deliver, and we should not settle for less. Second, this is the perfect time to make the change. Our campus is incredibly divided because we constantly talk about deeply polarizing issues. How do you foster a better climate? The best way to reach consensus on hard issues is to start small with issues we can agree on. Many students agree that DDS is not satisfactory, so let’s come together and change something to build trust and capital for other important topics at hand. Finally, Dartmouth today feels stagnant. Applications took a tumble. Rankings will likely follow. We are plagued by negative news coverage. It’s time to make changes in areas where we can make an immediate difference. We need to stop being crisis-driven and take initiative. Trying to reform DDS is like rearranging chairs on a sinking ship. Monopolies aren’t geared to provide value, so reforms are bound to fail or under-deliver. What we really need is a healthy dose of competition. Here is what you can do to help. First, DDS reports to Dean of the College Charlotte Johnson, so write her a note requesting change. I, for one, have faith in the administration’s ability to treat a rational and realistic proposal with respect. Second, let’s start a student exploratory group on dining and invite external providers to present to us. We don’t have to wait for administrative approval to explore our options. This is our school, and we are the ones stuck with bad service. Armed with proposals from the best providers, we can make informed demands for change. Now, you may disagree with me that the food at Dartmouth is bad. You may even think it is good. That is irrelevant because the right question to ask is: Can it be better and at a lower cost? So far, there has been too much talk and too little action. Change must be felt to be believed. Let’s start with dining and institute reform that will affect — quite literally — every single student on campus.

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SUBMISSIONS: We welcome letters and guest columns. All submissions must include the author’s name and affiliation with Dartmouth College, and should not exceed 250 words for letters or 700 words for columns. The Dartmouth reserves the right to edit all material before publication. All material submitted becomes property of The Dartmouth. Please email submissions to

The decision to cancel “Phiesta” made little sense.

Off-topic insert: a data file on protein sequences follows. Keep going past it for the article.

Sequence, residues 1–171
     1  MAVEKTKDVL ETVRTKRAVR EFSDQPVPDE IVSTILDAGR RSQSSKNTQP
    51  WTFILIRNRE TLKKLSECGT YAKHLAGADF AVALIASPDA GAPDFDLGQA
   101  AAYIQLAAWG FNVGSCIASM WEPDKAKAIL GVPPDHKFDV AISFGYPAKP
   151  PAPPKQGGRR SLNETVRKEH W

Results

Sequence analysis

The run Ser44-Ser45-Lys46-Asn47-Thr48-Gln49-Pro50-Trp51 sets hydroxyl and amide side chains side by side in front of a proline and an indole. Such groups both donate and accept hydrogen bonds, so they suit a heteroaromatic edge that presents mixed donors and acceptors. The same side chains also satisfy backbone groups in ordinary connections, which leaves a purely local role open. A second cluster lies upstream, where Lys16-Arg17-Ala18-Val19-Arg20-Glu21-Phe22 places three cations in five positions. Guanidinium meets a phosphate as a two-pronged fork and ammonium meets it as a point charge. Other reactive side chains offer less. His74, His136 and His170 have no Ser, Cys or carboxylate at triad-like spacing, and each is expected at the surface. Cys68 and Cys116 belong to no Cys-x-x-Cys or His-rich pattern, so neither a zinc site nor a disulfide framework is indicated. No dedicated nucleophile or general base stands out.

I have never received a more confused look purely because of the complaints, but because in my life than when I tried to explain to my the theme was actually offensive in and of itself. Argentine host mom today that, back in the A closer look at what exactly the event was U.S., my fraternity’s charity event was canceled to consist of shows that this is ridiculous. The by my college because the name “Phiesta” was only two aspects of the event plans that can be deemed offensive to Latin American culture. reasonably interpreted as references to Hispanic There is a well-known concept in free speech culture are the name “Phiesta” and plans to law that says that if the standard for banning a serve virgin piña coladas and guacamole. certain action or type of speech is the offense Exactly what standard do College officials of another member of society, then we hand mean to set by suggesting that this constitutes all decision-making power to the single most a valid reason to cancel the event? Should all easily offended member of our society. This is events that feature puns in foreign languages the precedent that Greek Letter Organizations be banned as cultural appropriation? Does the and Societies and the issue lie in the chips Office for Pluralism “Exactly what standard do and guac, or are the and Leadership have College officials mean to set by menu and name each set with regard to the harmless separately, suggesting that this constitutes “Phiesta” cancellayet when combined a valid reason to cancel the tion. somehow constitute For any readers event?” racial insensitivity? who may not have What we have paid attention to recent campus events, Greek here is an instance of well-meaning students houses Phi Delta Alpha fraternity and Alpha Phi trying to combat the very real inequalities and sorority canceled the second annual “Phiesta” prejudice that still exist in America, but overeager cardiac care charity event as a result of heavy in their desire to spot incidents of discrimination. pressure from administrators following the Social justice is still an important cause in 21stcomplaints of several students. century America, but brash attacks of this nature One of the most commonly circulated com- solely serve to alienate the majority of people plaints stated that “mocking ‘Mexican Culture’ from the root causes and cast the movement in by drinking on Cinco de Mayo and prancing a bad light. The way forward for Dartmouth around in sombreros while consuming tropical is to be found in discussion and outreach from drinks and eating burritos, is not acceptable different corners of campus, not just attempts and will not be tolerated.” Valid points all, and to castigate anyone who steps out of line. if these actions were to occur that could be a The events of the past week could have gone serious case for inquiry. very differently if, before filing numerous com However, the statement must be considered in plaints with the administration, the dissenters context of the non-alcoholic, charity event that had taken the time to discuss these issues with both Phi Delt and A Phi planned to repeat for the event’s organizers, particularly with the a second year, which does not coincide with or several members of Latin American descent even reference Cinco de Mayo. It’s also worth who played a large role in organizing ”Phiesta.” noting, at this point, that last year’s event bore We now have a system that encourages this no resemblance to the cartoonish depictions of sort of “gotcha” activism wherein the emphasis is racism described by the complaints. not on understanding, education and discussion, If not because of the misled offense of a tiny but attempts to “catch” anyone who missteps in student group, the only other possible argument the maze of modern political correctness by, for on behalf of the administration’s decision on example, giving a campus event a name that is this matter is that the fundraiser was not wrong a pun in another language.